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If you are interested in a short but helpful book to consider this issue, I suggest,

Not Your Parents’ Offering Plate, by J. Clif Christopher

I don't agree with everything in it, but on the whole it offers helpful guidance. It is especially relevant for churches with a substantial portion of people who are not long-time faithful givers because it is a window into how most people view their giving today -- church is one place of many worthy places to give.

At our church, I suggested the deacons read a chapter a month in their meetings. It has helped educate and broaden discussion. The highlights of the discussion have even made it to the full council meeting.

The author's premise is that churches need to highlight the life-changing effect of the gospel that is augmented by their ministry so that Christians can be excited about being a part of that mission.

More relevant to the original question, there is a whole chapter on reasons the pastor should have offering information as well as what migh be done with the information. I'll offer a couple quotes.

"When one is gifted with extraordinary talent, one has the choice of using it for God’s purposes [for Kingdom purposes] or for some other purpose. Pastors need to share with individuals how to use their talents and gifts for the Lord."

"Just as it would be clergy malpractice to not visit someone who was dying and needed prayer, it is also clergy malpractice to ignore a member who is being pulled into hell by the weight of his wallet.... There are not many indicators available to us on what is happening inside one’s heart, but giving is a good one."

In summary, there is a "wealth" of information in giving statments, both about the giver and to some extent, their view of the importance of the ministry. The pastors and leaders of a church who ignore such information do so at their peril -- especially since the generation who unquestionably gives to their local church is shrinking.

While I agree that pastors should have access to offering information for pastoral reasons there are plenty of elder and deacons who will not agree, especially at churches who "don't have a giving problem."

If you are looking for reasons beyond those listed in this article and the comments, a good resource on this topic is, Not Your Parents Offering Plate, by J. Clif Christopher. His follow-up book, Whose Offering Plate Is It?, is also good, but I would recommend reading the first one, first. The second offers further clarification and feedback received following the first book.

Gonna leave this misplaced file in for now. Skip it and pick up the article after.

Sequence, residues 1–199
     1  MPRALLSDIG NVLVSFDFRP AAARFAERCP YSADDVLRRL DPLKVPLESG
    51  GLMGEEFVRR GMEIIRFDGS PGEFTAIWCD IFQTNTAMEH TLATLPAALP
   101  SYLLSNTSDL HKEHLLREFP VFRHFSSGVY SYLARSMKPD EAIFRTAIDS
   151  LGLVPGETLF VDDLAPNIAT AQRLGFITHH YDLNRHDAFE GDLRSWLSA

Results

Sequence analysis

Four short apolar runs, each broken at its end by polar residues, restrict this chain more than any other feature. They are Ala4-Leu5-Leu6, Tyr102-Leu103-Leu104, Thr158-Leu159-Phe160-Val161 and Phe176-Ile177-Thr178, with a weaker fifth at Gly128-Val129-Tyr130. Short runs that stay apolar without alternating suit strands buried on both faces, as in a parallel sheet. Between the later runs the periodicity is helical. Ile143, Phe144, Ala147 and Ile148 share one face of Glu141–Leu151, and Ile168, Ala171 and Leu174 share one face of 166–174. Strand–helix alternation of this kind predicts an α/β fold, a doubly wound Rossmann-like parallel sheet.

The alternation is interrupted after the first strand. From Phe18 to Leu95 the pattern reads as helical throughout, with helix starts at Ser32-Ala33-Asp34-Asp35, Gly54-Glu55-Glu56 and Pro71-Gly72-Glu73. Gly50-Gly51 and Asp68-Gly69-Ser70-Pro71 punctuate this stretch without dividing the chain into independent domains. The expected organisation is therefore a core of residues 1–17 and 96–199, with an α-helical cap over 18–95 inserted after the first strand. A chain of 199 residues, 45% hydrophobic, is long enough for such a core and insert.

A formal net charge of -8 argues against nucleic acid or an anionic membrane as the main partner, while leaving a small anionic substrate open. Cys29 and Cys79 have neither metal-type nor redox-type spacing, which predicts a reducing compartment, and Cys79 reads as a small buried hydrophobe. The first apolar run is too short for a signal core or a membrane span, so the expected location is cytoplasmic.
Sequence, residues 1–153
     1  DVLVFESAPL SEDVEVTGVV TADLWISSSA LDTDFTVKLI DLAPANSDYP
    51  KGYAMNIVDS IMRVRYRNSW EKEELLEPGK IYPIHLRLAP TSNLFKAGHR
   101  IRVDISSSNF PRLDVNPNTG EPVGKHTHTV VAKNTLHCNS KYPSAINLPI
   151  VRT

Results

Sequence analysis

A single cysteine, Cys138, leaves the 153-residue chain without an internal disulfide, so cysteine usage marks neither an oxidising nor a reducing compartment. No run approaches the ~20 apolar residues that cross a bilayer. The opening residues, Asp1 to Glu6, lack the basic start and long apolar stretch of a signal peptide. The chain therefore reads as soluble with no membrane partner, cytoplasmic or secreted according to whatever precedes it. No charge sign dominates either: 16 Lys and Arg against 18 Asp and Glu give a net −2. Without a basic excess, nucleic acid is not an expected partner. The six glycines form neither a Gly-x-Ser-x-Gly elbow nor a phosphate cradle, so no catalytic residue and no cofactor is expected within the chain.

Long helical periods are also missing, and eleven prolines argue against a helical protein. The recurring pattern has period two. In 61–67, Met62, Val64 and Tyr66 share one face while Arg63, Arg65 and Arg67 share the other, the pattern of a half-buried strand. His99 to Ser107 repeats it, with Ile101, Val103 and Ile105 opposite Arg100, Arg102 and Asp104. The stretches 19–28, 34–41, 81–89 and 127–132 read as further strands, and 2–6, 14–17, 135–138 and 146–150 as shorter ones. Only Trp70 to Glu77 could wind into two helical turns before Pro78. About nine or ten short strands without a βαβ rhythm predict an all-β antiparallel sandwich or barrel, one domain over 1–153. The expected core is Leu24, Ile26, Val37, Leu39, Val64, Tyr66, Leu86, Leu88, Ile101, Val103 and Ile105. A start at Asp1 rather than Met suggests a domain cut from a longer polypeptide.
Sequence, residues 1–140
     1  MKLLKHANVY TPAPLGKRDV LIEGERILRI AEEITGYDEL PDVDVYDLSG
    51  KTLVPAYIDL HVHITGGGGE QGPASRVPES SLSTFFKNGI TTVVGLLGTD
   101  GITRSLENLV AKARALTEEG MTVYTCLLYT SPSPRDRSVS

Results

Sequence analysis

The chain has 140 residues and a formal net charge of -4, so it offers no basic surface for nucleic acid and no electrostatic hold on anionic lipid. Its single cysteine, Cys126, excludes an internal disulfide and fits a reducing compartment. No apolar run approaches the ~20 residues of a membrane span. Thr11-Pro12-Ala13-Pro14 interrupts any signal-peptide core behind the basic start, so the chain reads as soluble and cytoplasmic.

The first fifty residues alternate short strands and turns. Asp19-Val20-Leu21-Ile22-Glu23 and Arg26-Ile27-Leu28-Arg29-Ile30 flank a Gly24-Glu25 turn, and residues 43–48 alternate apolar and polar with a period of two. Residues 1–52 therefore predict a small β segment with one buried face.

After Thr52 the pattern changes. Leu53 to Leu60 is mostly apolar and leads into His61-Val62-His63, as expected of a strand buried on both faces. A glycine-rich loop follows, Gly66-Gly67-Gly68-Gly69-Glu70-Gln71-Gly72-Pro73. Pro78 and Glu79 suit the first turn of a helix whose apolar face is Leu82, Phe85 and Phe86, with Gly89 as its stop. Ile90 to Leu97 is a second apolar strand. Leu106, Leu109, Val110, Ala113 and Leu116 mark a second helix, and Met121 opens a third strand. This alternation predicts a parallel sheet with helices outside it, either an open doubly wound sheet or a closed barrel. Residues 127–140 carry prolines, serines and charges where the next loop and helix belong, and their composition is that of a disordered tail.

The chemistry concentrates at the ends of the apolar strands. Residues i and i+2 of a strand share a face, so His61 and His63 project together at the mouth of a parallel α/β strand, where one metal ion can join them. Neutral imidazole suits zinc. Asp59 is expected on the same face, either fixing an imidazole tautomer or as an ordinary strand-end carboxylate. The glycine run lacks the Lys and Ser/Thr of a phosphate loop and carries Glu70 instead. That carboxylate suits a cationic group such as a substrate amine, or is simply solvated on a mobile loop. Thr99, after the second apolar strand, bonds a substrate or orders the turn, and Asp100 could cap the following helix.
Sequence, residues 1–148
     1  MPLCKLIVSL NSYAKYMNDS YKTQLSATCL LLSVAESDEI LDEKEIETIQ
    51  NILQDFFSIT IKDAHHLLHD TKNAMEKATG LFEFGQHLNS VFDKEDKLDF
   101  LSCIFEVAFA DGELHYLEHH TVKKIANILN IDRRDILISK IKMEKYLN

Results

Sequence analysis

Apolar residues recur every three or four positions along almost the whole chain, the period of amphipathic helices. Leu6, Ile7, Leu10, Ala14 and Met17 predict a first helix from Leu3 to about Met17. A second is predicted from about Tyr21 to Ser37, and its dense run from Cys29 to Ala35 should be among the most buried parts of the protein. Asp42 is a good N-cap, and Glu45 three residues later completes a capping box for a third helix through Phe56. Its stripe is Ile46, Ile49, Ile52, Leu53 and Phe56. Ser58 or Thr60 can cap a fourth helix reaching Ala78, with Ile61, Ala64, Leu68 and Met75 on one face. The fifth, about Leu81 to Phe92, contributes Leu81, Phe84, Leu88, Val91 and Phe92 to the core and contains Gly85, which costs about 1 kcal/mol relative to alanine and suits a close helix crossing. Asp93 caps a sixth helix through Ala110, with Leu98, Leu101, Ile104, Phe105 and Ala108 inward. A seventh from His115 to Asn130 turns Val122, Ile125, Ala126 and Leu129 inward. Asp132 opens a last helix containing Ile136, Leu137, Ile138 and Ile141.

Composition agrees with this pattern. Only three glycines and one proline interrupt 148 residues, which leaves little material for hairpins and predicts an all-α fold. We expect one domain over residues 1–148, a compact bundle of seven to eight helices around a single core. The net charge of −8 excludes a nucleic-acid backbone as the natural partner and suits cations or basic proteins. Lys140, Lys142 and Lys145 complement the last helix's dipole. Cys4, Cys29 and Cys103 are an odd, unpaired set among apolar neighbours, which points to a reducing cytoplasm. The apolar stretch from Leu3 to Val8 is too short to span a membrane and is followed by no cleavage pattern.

I appreciated the article. I think there is a lot that has been lost and/or taught sporadically.

In his book, The Naked Now, Richard Rohr discusses the lost art of seeing how mystics see. Perhaps his biggest argument is that our problem comes from our tendency to dualistic thinking blinding us to broader reality. He writes that in Christianity, "Faith" largely became believing things to be true or false (faith as intellectual assent) instead of giving people concrete practices so they could themselves know how to open up (faith), hold on (hope), and allow an infilling from another source (love.)

That's what came to mind as I read your post and I would recommend Rohr's book for continued reflection on refining your faith, "seeing" better, and more fully experiencing God in the present. Rohr would recommend any of Thomas Merton's early books, like, The Seven Storey Mountain, New Seeds of Contemplation, or Thoughts in Solitude, for more help along similar themes.

Thank you, Verlyn, for your recent posts on church signs. Our church has recently changed its name and is installing a new double-sided sign, with a 2' x 8' back-lit fixed portion (with name and website) on top of a 2' x 8' color LED portion for messaging. We pray fervently that the Lord will use the sign to bring more guests to our worship services and we are preparing for that possibility.

Your book, Your Church Sign, is one tool I can use to be thoughtful and intentional in our messaging.

My questions relate to details of how you are using the digital sign differently from non-digital reader-boards. For example, Do you usually have 3 or 4 or more rotating messages? How many seconds do you leave a message displayed before rotating them? (Our sign is perpendicular to a road with a 35 mph limit.) How many days/weeks until one message is replaced in the rotation by another message? Do you mix the "pun-type" messages with announcements of upcoming special events. Do you put the time/temp on the sign so people know there will "useful" information on the sign at some point? Have you used graphics and do you have a recommended source for graphics? Basically, I'm interested in whatever you have done to which you attribute your stated "increase in attendance." We want to use our new tool as intentionally and as well as possible. We'll trust God for the results.

Perhaps you are planning to address these types of questions in a future blog. If so, great, I'll wait. Thanks for your sharing your experiences in this realm.

From the report, #8, Appointed Mr. Mike Hogeterp, Mr. Mark Charles and Mr. Peter Vander Meulen to the Doctrine of Discovery Task Force mandated by Synod 2012.

First, could someone tell me what page in the "Acts of Synod" contains this synodical mandate?

Second, could someone describe the goals and essence of the task force? If there is a substantial subscription in the "Acts" that will be sufficient, but I could not find a description in the index or other places in the "Acts" I thought to look.

Thank you.

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